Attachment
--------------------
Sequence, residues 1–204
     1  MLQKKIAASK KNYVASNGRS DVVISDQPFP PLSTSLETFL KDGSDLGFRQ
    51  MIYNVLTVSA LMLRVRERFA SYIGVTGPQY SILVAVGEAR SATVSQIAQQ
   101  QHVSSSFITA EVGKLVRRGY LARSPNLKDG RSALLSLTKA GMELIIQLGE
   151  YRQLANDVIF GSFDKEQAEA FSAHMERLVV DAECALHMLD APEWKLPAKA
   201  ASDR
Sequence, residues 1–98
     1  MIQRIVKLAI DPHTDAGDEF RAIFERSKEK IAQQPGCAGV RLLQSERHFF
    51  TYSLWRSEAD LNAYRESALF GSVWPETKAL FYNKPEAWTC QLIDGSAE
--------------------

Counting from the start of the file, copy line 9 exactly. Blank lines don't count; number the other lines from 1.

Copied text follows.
    51  TYSLWRSEAD LNAYRESALF GSVWPETKAL FYNKPEAWTC QLIDGSAE